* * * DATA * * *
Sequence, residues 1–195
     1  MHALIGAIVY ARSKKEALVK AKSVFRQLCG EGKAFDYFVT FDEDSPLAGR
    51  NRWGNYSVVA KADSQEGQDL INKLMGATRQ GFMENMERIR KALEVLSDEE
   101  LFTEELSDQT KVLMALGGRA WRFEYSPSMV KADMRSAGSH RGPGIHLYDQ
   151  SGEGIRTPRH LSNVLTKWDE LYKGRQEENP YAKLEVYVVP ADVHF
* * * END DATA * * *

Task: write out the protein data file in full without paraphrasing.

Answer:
Sequence, residues 1–195
     1  MHALIGAIVY ARSKKEALVK AKSVFRQLCG EGKAFDYFVT FDEDSPLAGR
    51  NRWGNYSVVA KADSQEGQDL INKLMGATRQ GFMENMERIR KALEVLSDEE
   101  LFTEELSDQT KVLMALGGRA WRFEYSPSMV KADMRSAGSH RGPGIHLYDQ
   151  SGEGIRTPRH LSNVLTKWDE LYKGRQEENP YAKLEVYVVP ADVHF